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Biogeosciences An interactive open-access journal of the European Geosciences Union
Biogeosciences, 12, 193-208, 2015
http://www.biogeosciences.net/12/193/2015/
doi:10.5194/bg-12-193-2015
© Author(s) 2015. This work is distributed
under the Creative Commons Attribution 3.0 License.
Research article
12 Jan 2015
Evaluating the ocean biogeochemical components of Earth system models using atmospheric potential oxygen and ocean color data
C. D. Nevison1, M. Manizza2, R. F. Keeling2, M. Kahru2, L. Bopp3, J. Dunne4, J. Tiputra5, T. Ilyina6, and B. G. Mitchell2 1University of Colorado, Boulder, Institute for Arctic and Alpine Research, Boulder, Colorado, USA
2Scripps Institution of Oceanography, La Jolla, California, USA
3IPSL/LSCE, UMR8212, CNRS-CEA-UVSQ, Gif sur Yvette, France
4National Oceanic and Atmospheric Administration/Geophysical Fluid Dynamics Laboratory, Princeton, New Jersey, USA
5Uni Climate, Uni Research and Bjerknes Centre for Climate Research, Bergen, Norway
6Max Planck Institute for Meteorology, Hamburg, Germany
Abstract. The observed seasonal cycles in atmospheric potential oxygen (APO) at a range of mid- to high-latitude surface monitoring sites are compared to those inferred from the output of six Earth system models (ESMs) participating in the fifth phase of the Coupled Model Intercomparison Project phase 5 (CMIP5). The simulated air–sea O2 fluxes are translated into APO seasonal cycles using a matrix method that takes into account atmospheric transport model (ATM) uncertainty among 13 different ATMs. Three of the ocean biogeochemistry models tested are able to reproduce the observed APO cycles at most sites, to within the large TransCom3-era ATM uncertainty used here, while the other three generally are not. Net primary production (NPP) and net community production (NCP), as estimated from satellite ocean color data, provide additional constraints, albeit more with respect to the seasonal phasing of ocean model productivity than overall magnitude. The present analysis suggests that, of the tested ocean biogeochemistry models, the community ecosystem model (CESM) and the Geophysical Fluid Dynamics Laboratory (GFDL) ESM2M are best able to capture the observed APO seasonal cycle at both northern and southern hemispheric sites. In most models, discrepancies with observed APO can be attributed to the underestimation of NPP, deep ventilation or both in the northern oceans.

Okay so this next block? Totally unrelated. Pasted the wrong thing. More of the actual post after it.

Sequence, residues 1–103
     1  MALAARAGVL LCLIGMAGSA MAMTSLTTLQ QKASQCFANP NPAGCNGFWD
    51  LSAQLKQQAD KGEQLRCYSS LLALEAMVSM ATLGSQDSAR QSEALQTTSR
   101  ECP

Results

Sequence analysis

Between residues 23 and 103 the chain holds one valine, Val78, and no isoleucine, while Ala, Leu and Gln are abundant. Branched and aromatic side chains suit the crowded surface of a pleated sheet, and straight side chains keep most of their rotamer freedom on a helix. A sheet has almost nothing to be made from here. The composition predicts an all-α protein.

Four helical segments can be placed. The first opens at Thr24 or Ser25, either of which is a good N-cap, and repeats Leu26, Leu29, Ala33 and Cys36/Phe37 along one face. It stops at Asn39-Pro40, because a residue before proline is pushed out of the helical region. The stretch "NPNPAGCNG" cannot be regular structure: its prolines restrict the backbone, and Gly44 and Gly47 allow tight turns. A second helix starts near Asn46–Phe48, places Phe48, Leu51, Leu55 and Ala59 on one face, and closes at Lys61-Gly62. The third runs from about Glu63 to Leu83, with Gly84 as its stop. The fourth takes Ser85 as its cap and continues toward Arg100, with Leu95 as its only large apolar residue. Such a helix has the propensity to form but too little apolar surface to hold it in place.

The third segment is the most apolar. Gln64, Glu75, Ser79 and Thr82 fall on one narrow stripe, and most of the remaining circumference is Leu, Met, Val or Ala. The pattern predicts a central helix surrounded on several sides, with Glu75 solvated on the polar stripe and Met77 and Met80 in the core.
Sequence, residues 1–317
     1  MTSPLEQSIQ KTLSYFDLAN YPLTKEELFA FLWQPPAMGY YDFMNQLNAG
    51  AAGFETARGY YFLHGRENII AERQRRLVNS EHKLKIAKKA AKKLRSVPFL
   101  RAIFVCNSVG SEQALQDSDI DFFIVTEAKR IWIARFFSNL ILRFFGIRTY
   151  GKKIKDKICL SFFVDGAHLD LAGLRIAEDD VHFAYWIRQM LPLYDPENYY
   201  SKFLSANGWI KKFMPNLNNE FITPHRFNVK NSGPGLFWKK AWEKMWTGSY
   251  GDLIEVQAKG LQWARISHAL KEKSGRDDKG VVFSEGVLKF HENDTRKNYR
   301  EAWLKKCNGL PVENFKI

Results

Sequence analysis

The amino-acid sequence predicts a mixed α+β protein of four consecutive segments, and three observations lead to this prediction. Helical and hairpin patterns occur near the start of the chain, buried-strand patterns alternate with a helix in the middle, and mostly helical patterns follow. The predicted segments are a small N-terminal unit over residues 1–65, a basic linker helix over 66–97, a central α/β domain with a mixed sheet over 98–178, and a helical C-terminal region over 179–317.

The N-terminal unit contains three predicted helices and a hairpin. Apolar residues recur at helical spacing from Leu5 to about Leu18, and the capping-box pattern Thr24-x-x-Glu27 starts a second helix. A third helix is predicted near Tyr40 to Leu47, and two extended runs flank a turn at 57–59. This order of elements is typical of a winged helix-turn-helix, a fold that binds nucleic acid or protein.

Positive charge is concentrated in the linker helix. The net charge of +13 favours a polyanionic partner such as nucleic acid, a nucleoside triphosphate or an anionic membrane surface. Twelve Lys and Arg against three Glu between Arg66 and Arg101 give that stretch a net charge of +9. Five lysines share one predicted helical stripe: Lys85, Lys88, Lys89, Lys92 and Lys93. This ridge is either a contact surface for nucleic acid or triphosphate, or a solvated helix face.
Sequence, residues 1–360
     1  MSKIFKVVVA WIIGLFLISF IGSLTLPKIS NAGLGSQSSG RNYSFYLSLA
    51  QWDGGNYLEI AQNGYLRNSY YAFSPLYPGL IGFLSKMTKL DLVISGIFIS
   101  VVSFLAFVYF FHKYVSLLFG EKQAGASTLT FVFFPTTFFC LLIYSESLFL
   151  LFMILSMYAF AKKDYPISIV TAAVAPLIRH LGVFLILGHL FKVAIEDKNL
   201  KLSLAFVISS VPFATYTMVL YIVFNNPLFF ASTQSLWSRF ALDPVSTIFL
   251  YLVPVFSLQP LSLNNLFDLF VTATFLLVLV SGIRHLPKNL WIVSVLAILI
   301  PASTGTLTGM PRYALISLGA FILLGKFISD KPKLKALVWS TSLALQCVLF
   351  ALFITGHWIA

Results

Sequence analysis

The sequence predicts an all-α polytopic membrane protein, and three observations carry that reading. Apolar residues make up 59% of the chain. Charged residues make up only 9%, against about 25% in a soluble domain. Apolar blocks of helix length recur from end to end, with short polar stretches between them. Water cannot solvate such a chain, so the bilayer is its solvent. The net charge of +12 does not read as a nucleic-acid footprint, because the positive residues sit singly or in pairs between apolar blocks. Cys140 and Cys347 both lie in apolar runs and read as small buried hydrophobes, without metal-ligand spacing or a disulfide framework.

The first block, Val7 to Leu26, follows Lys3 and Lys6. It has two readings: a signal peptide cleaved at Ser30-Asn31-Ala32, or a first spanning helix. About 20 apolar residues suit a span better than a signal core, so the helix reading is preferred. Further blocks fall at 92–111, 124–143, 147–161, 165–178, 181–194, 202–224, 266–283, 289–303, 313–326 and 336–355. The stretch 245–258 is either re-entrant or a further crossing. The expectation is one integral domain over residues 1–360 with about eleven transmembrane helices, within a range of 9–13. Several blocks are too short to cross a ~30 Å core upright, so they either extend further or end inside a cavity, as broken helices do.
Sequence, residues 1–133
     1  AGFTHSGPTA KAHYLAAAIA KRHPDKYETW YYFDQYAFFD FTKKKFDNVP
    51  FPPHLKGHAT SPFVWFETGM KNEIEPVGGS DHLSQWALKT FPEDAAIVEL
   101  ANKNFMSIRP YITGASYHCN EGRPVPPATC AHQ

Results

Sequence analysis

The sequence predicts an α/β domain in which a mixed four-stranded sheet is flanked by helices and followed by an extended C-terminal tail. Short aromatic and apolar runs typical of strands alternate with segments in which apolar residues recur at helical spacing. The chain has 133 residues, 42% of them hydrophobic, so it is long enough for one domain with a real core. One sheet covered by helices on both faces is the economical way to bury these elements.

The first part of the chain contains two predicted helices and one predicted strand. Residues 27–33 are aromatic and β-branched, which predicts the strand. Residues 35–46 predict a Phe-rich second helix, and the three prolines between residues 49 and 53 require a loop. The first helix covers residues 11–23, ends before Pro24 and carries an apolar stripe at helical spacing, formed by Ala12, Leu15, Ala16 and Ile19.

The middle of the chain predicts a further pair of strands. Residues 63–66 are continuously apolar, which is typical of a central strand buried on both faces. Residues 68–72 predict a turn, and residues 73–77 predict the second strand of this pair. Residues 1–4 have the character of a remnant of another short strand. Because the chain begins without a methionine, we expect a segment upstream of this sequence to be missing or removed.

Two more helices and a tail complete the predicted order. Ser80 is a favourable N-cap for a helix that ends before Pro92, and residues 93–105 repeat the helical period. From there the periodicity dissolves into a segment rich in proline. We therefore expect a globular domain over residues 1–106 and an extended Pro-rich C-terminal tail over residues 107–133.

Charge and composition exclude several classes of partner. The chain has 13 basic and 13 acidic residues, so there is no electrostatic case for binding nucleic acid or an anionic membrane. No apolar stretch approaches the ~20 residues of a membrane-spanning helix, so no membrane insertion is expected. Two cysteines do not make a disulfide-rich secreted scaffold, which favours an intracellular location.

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Citation: Nevison, C. D., Manizza, M., Keeling, R. F., Kahru, M., Bopp, L., Dunne, J., Tiputra, J., Ilyina, T., and Mitchell, B. G.: Evaluating the ocean biogeochemical components of Earth system models using atmospheric potential oxygen and ocean color data, Biogeosciences, 12, 193-208, doi:10.5194/bg-12-193-2015, 2015.
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Short summary
The observed seasonal cycles in atmospheric potential oxygen (APO) at five surface monitoring sites are compared to those inferred from the air-sea O2 fluxes of six ocean biogeochemistry models. The simulated air-sea fluxes are translated into APO seasonal cycles using a matrix method that takes into account atmospheric transport model (ATM) uncertainty among 13 different ATMs. Net primary production (NPP), estimated from satellite ocean color data, is also compared to model output.
The observed seasonal cycles in atmospheric potential oxygen (APO) at five surface monitoring...
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